Film (1940; vt Friday the Thirteenth). Universal Pictures. Produced by Burt Kelly. Directed by Arthur Lubin. Written by Curt Siodmak (credited as Kurt Siodmak), Eric Taylor, and Edmund L Hartmann (uncredited). Cast includes Boris Karloff, Bela Lugosi and Stanley Ridges. 70 minutes. Black and white.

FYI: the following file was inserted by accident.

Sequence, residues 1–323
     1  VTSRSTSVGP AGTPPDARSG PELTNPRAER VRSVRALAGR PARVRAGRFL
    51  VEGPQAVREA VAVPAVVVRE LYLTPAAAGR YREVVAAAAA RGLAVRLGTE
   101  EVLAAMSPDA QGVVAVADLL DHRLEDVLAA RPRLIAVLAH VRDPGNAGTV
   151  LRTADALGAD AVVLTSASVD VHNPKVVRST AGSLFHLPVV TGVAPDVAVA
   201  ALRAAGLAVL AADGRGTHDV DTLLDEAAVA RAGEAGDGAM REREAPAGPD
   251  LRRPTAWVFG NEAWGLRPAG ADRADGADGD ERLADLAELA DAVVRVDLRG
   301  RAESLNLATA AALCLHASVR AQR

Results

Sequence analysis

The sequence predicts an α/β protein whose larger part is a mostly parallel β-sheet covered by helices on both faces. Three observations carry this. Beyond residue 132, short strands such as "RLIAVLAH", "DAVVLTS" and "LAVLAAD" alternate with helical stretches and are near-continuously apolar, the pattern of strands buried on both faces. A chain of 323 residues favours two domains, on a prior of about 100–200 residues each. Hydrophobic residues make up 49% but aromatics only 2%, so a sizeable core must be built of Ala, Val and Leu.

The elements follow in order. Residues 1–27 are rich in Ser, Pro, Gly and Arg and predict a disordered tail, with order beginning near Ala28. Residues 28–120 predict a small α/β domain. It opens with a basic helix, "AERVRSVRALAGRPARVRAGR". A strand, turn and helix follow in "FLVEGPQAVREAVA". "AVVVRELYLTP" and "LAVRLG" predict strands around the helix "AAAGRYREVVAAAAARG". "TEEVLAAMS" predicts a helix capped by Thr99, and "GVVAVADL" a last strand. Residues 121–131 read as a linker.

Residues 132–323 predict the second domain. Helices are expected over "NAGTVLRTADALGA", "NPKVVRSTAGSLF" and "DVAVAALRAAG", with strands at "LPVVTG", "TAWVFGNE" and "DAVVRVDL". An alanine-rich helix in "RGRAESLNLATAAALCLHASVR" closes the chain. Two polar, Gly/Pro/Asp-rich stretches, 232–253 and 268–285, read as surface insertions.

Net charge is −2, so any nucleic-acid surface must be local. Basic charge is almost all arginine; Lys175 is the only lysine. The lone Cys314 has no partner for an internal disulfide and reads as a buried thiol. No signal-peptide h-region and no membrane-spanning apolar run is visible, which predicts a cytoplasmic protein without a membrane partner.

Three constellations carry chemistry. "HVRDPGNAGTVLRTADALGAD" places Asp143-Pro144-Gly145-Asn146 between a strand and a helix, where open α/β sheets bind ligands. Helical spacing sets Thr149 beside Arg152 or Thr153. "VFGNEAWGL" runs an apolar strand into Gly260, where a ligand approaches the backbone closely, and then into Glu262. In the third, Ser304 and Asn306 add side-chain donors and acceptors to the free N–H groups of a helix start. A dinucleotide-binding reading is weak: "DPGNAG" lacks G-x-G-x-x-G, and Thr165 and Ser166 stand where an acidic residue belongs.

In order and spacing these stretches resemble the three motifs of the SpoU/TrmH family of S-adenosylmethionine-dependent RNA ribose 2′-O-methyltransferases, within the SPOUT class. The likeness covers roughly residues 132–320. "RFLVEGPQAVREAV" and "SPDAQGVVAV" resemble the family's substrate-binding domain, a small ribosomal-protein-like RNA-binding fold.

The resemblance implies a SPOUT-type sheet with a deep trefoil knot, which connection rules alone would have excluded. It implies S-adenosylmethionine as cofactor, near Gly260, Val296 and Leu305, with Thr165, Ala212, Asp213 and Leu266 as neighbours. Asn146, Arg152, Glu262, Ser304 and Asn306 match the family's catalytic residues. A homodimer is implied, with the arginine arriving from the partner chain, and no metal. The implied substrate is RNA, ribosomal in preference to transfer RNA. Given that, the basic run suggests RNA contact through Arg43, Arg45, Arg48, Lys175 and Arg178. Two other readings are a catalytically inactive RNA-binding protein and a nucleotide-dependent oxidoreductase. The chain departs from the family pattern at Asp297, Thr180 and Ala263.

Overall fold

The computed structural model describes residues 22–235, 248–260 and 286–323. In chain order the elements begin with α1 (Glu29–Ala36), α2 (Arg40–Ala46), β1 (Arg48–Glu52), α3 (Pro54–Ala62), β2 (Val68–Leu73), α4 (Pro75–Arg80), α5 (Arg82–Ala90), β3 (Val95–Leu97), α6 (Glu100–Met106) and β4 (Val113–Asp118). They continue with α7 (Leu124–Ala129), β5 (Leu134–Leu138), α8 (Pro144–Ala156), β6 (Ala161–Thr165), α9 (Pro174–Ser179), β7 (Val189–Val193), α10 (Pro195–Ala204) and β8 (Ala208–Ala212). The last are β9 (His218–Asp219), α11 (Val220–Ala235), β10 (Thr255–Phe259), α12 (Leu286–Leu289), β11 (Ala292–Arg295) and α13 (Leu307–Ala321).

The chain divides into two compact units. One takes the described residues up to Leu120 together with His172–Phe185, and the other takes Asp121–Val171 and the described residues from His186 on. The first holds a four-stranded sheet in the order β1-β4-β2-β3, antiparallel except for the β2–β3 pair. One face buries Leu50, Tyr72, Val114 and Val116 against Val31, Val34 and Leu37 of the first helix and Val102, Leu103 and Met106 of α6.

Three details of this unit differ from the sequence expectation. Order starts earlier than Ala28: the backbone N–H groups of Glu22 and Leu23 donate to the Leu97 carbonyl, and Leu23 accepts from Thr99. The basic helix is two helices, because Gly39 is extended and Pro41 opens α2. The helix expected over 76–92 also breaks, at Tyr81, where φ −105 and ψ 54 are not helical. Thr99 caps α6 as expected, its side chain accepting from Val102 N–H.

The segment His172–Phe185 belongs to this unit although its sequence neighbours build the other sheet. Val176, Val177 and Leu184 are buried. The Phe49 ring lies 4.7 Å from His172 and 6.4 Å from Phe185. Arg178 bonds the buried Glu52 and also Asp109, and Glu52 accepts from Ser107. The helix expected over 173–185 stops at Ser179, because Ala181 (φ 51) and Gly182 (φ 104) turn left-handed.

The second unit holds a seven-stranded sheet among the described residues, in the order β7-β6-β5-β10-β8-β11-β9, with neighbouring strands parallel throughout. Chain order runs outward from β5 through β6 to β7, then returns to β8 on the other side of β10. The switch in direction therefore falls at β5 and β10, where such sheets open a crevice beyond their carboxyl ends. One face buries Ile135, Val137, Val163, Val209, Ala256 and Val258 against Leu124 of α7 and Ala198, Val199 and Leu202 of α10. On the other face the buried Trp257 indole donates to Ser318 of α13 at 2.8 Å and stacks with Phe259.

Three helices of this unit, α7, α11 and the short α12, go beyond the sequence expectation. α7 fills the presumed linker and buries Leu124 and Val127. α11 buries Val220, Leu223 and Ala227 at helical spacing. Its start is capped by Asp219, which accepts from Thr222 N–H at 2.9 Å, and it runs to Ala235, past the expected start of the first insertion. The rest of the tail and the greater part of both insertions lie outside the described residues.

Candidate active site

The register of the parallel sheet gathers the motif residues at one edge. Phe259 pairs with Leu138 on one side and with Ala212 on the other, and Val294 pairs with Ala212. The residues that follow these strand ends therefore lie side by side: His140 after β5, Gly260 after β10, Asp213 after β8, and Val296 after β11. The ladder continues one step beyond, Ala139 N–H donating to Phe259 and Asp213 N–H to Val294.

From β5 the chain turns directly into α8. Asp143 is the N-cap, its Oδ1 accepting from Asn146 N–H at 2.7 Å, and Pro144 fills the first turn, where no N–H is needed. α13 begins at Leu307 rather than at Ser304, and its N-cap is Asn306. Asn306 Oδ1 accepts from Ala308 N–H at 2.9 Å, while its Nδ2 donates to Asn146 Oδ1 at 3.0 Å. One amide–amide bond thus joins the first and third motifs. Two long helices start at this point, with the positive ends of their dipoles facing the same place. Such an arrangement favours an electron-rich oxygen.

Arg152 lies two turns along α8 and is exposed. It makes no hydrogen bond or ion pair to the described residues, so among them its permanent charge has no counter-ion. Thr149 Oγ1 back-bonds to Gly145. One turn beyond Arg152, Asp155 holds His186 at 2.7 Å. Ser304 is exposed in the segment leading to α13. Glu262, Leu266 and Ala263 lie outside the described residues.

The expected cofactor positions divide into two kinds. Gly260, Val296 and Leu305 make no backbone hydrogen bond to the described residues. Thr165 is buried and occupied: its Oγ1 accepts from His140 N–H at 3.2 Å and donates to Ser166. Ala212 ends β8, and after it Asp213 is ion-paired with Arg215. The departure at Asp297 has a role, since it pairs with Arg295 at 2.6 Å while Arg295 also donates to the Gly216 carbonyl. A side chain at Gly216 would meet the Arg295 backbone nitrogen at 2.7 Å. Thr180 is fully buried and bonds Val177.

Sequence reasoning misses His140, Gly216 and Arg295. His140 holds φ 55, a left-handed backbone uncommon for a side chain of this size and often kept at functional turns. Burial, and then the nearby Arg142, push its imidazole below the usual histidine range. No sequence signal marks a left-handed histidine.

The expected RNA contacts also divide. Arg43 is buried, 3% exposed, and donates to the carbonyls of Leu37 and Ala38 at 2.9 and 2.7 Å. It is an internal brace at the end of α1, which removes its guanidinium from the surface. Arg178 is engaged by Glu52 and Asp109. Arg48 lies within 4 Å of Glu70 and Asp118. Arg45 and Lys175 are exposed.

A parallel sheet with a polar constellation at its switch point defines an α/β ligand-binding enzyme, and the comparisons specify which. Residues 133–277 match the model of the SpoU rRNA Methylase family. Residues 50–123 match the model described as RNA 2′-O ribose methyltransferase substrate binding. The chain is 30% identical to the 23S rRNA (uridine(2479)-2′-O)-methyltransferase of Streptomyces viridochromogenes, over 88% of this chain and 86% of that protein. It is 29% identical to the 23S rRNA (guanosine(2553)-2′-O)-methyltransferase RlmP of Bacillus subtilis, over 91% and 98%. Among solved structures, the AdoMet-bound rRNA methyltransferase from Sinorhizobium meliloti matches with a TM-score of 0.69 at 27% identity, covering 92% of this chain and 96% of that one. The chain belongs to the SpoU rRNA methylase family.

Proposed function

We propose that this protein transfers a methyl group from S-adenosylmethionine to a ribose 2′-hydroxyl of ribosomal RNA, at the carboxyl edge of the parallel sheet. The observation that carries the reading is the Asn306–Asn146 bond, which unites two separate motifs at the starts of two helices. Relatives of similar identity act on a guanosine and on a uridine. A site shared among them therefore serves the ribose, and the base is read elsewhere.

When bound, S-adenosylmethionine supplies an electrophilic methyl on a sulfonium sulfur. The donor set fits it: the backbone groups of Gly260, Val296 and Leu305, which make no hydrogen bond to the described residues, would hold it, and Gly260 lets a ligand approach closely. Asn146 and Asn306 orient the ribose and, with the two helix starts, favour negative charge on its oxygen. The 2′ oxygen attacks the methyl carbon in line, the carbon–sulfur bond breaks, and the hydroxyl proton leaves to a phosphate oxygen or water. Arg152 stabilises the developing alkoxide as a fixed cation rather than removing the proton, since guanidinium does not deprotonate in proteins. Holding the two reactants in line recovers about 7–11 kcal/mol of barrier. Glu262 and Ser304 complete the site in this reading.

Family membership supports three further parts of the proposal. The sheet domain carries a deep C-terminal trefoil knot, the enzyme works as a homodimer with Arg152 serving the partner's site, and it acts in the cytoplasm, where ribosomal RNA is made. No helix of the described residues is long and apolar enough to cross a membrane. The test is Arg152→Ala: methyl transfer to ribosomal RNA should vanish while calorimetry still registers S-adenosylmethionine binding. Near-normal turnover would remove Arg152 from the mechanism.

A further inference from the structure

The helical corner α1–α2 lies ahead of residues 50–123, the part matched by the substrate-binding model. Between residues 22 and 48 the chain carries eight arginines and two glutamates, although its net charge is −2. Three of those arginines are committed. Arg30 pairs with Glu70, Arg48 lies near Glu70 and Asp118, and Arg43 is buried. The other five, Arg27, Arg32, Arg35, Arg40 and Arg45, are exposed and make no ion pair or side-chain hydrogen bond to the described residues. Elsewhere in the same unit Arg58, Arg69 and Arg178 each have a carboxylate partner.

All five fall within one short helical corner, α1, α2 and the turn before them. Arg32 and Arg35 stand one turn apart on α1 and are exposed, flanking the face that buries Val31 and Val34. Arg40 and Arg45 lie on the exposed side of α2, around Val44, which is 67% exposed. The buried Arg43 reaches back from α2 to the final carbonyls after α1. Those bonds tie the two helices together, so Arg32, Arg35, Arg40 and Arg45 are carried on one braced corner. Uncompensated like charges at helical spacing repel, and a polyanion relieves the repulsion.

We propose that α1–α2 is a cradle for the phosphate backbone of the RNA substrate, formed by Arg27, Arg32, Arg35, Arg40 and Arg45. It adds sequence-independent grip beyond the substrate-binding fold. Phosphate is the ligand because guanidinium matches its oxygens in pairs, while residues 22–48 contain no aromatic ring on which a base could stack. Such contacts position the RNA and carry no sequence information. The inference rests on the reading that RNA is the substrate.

Kindly Professor George Kingsley (Ridges) is shot in the head during an assassination attempt by mobster Eric Marnay (Lugosi). Realizing the only chance of saving Kingsley's life is by an experimental brain operation, Dr Ernest Sovak (Karloff) transplants brain tissue from the deceased criminal "Red" Cannon into Professor Kingsley's injured brain, saving his life. All seems well at first, but the Professor develops a split personality, intermittently reverting to the Identity of Cannon. During these Identity Transfer episodes he seeks revenge on Marnay and also tries to find fifty thousand dollars in stolen money hidden by Cannon. Kingsley cannot remember his actions from periods when the Cannon persona has taken over. As Cannon he eventually kills Marnay and is himself slain by the police, having taken part in several other murders. Told in flashback by Dr Sovak just before his own execution for the illegal brain operation, the film is an early mixing of crime and sf genres. Elements of Siodmak's novel Donovan's Brain (September-November 1942 Black Mask; 1943) are prefigured in the screenplay. Ridges' performance in the dual role, probably his best work, won him considerable praise. Occultist Manly P Hall (1901-1989) reportedly hypnotized Lugosi for the death scene in which, trapped by Kingsley/Cannon within a cramped closet, he suffocates. [GSt]
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